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Infants exposed to cleaning products could be at increased risk of asthma

Researchers say it’s crucial to limit exposure during the first few months of infants’ lives

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Recent studies have explored how using certain cleaning products can create higher levels of air pollutants, and others have delved into how this indoor air pollution can lead to several health risks. 

Now, researchers from Simon Fraser University have found that infants who are frequently exposed to chemicals from cleaning products during the first three months of their lives could be at an increased risk of developing asthma. 

“The big takeaway from the study is that the first few months of life are critical for the development of a baby’s immune and respiratory systems,” said researcher Jaclyn Parks. “By identifying hazardous exposures during infancy, preventive measures can be taken to potentially reduce childhood asthma and subsequent allergy risk.”  

More cleaning products, worsening asthma symptoms

The researchers had over 2,000 children involved in the study to determine how exposure to cleaning products as a newborn can affect the likelihood of developing asthma. 

When the study began, the infants were between three and four months old. Parents answered questionnaires on how often their babies were exposed to 26 different cleaning products, including everything from laundry detergent and dishwashing liquid to air fresheners and disinfectants.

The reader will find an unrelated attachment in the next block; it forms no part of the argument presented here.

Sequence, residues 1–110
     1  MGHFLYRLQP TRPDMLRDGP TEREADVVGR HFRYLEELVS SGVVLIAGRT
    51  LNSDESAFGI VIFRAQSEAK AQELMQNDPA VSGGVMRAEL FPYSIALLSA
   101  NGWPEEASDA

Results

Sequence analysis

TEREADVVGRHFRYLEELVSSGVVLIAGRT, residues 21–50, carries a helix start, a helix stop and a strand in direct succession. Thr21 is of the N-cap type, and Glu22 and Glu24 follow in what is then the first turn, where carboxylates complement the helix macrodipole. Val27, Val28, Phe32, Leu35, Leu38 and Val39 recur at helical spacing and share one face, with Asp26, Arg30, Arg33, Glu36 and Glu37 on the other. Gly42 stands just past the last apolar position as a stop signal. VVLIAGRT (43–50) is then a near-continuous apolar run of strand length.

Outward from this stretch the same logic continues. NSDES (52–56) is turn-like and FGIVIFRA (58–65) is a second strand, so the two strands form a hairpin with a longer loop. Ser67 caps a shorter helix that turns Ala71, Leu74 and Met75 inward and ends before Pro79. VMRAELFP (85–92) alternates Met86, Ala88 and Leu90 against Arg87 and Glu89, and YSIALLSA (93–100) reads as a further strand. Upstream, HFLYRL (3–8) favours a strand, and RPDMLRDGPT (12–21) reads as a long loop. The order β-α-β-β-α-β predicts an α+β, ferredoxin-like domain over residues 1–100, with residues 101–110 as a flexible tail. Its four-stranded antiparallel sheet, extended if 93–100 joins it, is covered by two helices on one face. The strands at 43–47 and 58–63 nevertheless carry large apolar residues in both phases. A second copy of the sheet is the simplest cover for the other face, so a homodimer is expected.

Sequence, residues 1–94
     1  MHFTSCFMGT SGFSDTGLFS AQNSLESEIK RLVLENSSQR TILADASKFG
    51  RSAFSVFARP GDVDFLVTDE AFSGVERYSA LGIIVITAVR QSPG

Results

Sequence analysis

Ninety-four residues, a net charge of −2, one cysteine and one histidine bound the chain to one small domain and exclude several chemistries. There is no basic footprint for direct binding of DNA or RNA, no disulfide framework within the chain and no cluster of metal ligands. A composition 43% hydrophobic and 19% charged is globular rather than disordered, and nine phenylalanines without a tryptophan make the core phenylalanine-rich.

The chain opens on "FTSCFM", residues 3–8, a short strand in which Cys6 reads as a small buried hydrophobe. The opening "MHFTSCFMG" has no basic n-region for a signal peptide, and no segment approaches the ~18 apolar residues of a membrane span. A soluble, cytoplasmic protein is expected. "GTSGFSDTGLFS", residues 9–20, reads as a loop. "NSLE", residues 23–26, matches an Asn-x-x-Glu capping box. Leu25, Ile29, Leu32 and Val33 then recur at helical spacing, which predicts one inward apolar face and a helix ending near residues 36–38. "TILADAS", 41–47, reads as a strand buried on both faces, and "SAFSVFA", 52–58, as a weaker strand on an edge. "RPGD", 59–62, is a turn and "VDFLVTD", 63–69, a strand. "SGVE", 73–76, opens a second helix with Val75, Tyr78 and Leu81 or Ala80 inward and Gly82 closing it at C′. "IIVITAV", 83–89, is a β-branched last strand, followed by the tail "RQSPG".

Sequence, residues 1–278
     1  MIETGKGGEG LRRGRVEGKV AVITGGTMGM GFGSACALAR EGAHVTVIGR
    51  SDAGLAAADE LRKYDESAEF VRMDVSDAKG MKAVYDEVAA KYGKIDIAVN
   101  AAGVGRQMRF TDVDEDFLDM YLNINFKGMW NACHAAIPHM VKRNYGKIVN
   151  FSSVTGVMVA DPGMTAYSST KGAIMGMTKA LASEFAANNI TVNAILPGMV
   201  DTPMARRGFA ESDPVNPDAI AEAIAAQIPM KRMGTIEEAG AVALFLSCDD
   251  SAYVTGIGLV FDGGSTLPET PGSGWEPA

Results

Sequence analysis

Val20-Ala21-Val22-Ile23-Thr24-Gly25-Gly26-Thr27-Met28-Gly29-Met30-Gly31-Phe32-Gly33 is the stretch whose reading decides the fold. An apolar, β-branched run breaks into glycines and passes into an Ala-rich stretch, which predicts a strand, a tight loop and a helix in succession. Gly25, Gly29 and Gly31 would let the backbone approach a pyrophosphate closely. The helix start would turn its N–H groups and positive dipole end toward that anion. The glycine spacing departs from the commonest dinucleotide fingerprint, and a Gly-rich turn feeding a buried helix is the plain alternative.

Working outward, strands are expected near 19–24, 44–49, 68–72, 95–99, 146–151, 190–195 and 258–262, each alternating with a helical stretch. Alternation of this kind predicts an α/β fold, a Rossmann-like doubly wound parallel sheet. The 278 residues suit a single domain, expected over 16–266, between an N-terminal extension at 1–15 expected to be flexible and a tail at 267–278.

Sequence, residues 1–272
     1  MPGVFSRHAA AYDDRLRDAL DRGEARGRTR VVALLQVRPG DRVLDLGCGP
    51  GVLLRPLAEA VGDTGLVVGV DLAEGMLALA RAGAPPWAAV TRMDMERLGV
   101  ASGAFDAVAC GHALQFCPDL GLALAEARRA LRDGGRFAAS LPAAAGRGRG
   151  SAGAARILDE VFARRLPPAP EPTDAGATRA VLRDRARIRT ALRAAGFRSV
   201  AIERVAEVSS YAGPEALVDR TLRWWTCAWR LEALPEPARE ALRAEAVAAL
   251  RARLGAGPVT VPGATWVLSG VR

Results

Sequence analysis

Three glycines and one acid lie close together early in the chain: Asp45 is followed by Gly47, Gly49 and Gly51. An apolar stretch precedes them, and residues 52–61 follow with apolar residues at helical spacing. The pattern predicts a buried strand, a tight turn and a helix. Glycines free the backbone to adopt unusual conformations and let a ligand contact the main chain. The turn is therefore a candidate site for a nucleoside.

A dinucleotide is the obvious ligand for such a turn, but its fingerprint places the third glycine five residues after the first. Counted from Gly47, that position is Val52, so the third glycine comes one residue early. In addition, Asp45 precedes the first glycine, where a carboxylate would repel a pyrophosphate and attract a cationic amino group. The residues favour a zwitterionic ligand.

The researchers followed up with the children when they reached three years old and determined that greater exposure to cleaning products not only increased the likelihood of the children developing asthma, but it also yielded more severe asthma symptoms. 

Overall, asthma was prevalent in eight percent of children from high-exposure homes, whereas less than five percent of children from low-exposure homes were diagnosed. Eleven percent of children with a high exposure to cleaners developed a recurrent wheeze, which is one of the most common asthma symptoms, while under eight percent of children with low exposure were affected in this way. 

The researchers also found that girls fared worse than boys when it came to respiratory health, though more work is required to understand what role gender plays in this area. 

What products to avoid

Parents can help protect their newborns from struggling with asthma throughout childhood. The researchers identified several different products that were found to be harmful to developing lungs, and many of them had one common denominator: scents. 

According to researcher Jaclyn Parks, “liquid or solid air fresheners, plug-in deodorizers, dusting sprays, antimicrobial hand sanitizers, and oven cleaners” were all items associated with more severe asthma symptoms. 

“It may be important for people to consider removing scented spray cleaning products from their cleaning routine,” Parks said. “We believe that the smell of a healthy home is no smell at all.” 

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